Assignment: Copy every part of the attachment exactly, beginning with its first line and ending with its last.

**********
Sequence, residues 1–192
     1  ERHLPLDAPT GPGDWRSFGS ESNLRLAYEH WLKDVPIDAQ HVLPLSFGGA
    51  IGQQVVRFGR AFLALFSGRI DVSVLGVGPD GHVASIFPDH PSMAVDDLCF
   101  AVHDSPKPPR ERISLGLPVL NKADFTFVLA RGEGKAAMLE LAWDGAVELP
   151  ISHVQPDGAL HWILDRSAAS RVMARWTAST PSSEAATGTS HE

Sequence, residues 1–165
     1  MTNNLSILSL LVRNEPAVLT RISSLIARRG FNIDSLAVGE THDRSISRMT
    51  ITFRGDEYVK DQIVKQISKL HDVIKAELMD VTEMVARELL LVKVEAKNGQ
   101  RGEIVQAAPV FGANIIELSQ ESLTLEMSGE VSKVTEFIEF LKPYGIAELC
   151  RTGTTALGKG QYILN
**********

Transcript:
Sequence, residues 1–192
     1  ERHLPLDAPT GPGDWRSFGS ESNLRLAYEH WLKDVPIDAQ HVLPLSFGGA
    51  IGQQVVRFGR AFLALFSGRI DVSVLGVGPD GHVASIFPDH PSMAVDDLCF
   101  AVHDSPKPPR ERISLGLPVL NKADFTFVLA RGEGKAAMLE LAWDGAVELP
   151  ISHVQPDGAL HWILDRSAAS RVMARWTAST PSSEAATGTS HE

Sequence, residues 1–165
     1  MTNNLSILSL LVRNEPAVLT RISSLIARRG FNIDSLAVGE THDRSISRMT
    51  ITFRGDEYVK DQIVKQISKL HDVIKAELMD VTEMVARELL LVKVEAKNGQ
   101  RGEIVQAAPV FGANIIELSQ ESLTLEMSGE VSKVTEFIEF LKPYGIAELC
   151  RTGTTALGKG QYILN